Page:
Alcoholism is a deadly disease that impacts millions of people, but not all forms of alcoholism are the same.
There are many people who are considered functioning alcoholics, meaning that they are able to operate in society, perform their job duties, and maintain relationships despite their addiction. Here are some signs of functioning alcoholism.
Social drinking is relatively common in modern society and the vast majority of people who drink do so among family or friends. However, functional alcoholics are more likely than others to drink alone.
There is nothing wrong with drinking alone from time to time, but when it becomes part of someone’s overall relaxation needs or a virtual requirement of someone’s routine, you may be crossing into the threshold of addiction.
Drinking At Work
Generally speaking, drinking at work is hugely frowned upon. There are many reasons for this: It can impact performance, lead to unsafe working environments, and potentially expose someone to major professional or legal liabilities. However, a functional alcoholic is likely to ignore these consequences and drink anyway.
This may be compounded by a stressful work atmosphere or having a social circle of friends at work who also enjoy drinking. Indeed, it may become part of one’s work habits. However, that’s obviously not a good thing.
Drinking at work is almost always a bad idea, and doing so at work on a repeated basis may be a strong indication that someone is a functional alcoholic.
Drinking to Intentionally Alter Your Mood
Many people enjoy having an occasional drink as part of an effort to relax or unwind at the end of a long day. However, there is a big difference between having an occasional nightcap and getting upset, then running for a drink. People should not turn to alcohol on a regular basis as part of an effort to intentionally cheer themselves up, calm themselves down, or build up confidence before attending a big presentation.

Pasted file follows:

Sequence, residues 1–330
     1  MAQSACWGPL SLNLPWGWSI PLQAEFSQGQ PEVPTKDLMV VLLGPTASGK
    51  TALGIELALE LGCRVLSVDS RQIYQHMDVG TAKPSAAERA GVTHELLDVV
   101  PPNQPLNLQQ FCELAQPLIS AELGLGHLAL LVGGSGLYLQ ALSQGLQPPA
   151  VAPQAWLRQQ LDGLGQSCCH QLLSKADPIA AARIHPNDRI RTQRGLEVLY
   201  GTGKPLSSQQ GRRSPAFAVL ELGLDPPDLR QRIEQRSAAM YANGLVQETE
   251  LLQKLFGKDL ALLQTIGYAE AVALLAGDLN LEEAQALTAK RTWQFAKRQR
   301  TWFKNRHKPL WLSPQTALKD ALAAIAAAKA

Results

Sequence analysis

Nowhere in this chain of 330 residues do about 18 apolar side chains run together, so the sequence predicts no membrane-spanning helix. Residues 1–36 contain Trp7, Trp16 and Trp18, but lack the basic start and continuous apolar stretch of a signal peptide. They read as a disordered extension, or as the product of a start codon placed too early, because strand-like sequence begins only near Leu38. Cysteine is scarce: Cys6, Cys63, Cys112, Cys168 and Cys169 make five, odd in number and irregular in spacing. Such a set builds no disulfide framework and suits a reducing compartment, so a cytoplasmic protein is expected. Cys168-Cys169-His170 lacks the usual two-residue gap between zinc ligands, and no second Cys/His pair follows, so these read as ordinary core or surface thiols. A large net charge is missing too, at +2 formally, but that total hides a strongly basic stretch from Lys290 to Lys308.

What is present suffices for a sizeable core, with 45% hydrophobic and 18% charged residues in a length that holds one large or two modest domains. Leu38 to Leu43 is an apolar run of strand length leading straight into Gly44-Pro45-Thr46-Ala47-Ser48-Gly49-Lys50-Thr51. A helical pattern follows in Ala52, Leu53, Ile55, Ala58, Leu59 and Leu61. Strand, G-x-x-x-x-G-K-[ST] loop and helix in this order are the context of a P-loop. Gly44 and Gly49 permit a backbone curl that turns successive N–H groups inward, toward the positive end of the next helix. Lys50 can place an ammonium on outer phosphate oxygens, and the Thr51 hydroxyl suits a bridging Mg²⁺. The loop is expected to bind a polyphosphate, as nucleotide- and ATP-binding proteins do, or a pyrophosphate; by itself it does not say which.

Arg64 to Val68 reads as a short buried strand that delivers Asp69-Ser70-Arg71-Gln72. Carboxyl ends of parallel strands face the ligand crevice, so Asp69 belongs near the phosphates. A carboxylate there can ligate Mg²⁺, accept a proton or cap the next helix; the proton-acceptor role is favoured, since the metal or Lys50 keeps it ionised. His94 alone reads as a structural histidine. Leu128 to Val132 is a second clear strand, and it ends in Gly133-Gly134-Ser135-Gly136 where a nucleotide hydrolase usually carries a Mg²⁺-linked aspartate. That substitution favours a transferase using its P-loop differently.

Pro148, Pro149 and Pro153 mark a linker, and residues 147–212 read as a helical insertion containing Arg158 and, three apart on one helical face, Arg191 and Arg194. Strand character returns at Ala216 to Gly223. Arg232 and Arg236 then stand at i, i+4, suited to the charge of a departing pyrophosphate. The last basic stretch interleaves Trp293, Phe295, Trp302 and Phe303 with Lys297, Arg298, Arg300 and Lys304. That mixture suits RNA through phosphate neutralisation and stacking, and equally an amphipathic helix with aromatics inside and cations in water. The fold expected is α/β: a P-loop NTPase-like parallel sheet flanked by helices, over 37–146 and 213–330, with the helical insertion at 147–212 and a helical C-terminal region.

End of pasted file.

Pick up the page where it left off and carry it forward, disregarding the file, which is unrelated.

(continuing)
Alcohol doesn’t actually steady anyone’s nerves or help someone get to sleep. In fact, it can damage your sleep cycle and contribute to anxiety over the long run. Regularly turning to alcohol as a mood-altering substance – but still fulfilling all of your professional obligations – may mean that you are a functional alcoholic.
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Breaking Promises to Stop Drinking
There comes a time in the life of many alcoholics when they realize that they have a problem. As such, they make a pledge to family members or friends: I’ll stop drinking. However, sometimes, that promise isn’t enough, and it’s broken.
Swearing to someone who you care about that you will stop drinking – only to break that promise – is a sign that you have a serious problem. It means you lack the ability to control your drinking and get it under control.
As noted by the experts at AION Health Group, functioning alcoholic signs “may not seem like your typical alcoholic, but this type of alcoholism is quite prevalent and can start early in life through binge drinking.” People who are functional alcoholics still need help and support.
Featured image credit – fizkes/Shutterstock
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